Carnivores have always fascinated us, even though they make up only 10% of all mammalian genera and only about 2 % of all mammalian biomass. In Greek mythology most of the gods adorned their robes and helmets with depictions of carnivores, and the great hero Hercules' most famous feat was killing the "invulnerable" lion with his bare hands. Part of our fascination with carnivores stems from fright and intrigue, and sometimes even hatred because of our direct competition with them. Cases of "man-eating" lions, bears, and wolves, as well as carnivores' reputation as killers of livestock and game, provoke communities and govermllents to adopt sweeping policies to exterminate them. Even President Theodore Roosevelt, proclaimer of a new wildlife protectionism, described the wolf as "the beast of waste and desolation. " The sheer presence and power of carnivores is daunt­ ing: they can move quickly yet silently through forests, attaining rapid bursts of speed when necessary; their massive muscles are aligned to deliver powerful attacks, their large canines and strong jaws rip open carcasses, and their scis­ sor-like carnassials slice meat. Partly because of our fear of these attributes, trophy hunting of carnivores has been, and to a certain extent still is, a sign of bravery and skill. Among some Alaskan Inuit, for example, a man is not eligible for marriage until he has killed a succession of animals of increasing size and dangerousness, culminating with the most menacing, the polar bear.
Fifteen variables, selected primarily to reflect functionally significant aspects of cranial morphology, were measured on one skull each of 62 species of modern carnivores, including viverrids, canids, mustelids and felids. To allow comparisons between species of different sizes without the potentially confounding effects of allometric shape changes, the measurements were transformed to dimmensionless variables, based on the residuals from allometric equations. Fourteen out of 15 of the transformed variables distinguish one or more of the four family groups and the rotated first two axes of a principal components analysis distinguish all four families from each other. The following functional hypotheses are proposed: mustelids and felids have the most powerful bites and canids the weakest among the four family groups studied; mustelids and, to a lesser degree, felids have more powerful neck musculature than do canids and viverrids; and visual abilities are best developed among felids and least developed among mustelids. The first two functional hypotheses suggest possible differences in killing behaviour, which are supported by a preliminary survey of the literature on such behaviour. Allometric analysis of the 15 cranial measures shows that the neurocranial components scale with negative allometry, while most of the other measures scale approximately isometrically.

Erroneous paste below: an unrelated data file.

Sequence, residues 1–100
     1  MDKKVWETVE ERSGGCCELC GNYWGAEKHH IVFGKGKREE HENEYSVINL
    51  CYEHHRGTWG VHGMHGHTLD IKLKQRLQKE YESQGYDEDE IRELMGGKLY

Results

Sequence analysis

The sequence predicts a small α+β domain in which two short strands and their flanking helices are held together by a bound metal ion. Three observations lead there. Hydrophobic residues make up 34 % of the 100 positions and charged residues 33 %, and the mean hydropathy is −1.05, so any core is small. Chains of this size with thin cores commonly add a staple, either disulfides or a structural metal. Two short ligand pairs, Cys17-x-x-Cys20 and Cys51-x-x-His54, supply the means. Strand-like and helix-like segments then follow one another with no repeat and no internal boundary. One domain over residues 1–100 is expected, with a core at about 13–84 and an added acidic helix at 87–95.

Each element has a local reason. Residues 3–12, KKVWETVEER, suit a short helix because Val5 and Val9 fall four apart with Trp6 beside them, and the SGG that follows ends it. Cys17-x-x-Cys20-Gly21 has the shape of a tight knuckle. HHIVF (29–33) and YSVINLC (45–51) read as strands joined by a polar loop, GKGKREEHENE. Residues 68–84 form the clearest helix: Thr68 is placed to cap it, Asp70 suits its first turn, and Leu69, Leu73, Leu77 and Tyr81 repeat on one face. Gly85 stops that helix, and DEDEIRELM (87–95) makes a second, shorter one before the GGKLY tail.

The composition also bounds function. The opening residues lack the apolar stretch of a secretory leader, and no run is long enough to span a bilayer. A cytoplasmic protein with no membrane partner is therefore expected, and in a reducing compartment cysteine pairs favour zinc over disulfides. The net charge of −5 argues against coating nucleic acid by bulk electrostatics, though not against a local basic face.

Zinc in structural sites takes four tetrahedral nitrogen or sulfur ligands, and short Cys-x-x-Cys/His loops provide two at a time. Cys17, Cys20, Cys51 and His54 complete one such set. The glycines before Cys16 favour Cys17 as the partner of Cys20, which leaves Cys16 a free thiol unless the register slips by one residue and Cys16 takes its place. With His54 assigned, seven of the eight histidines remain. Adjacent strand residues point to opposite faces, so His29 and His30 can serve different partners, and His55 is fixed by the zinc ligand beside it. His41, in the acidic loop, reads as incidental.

Conventional wisdom over the past 160 years in the cognitive and neurosciences has assumed that brains evolved to process factual information about the world. Most attention has therefore been focused on such features as pattern recognition, color vision, and speech perception. By extension, it was assumed that brains evolved to deal with essentially ecological problem-solving tasks. 1.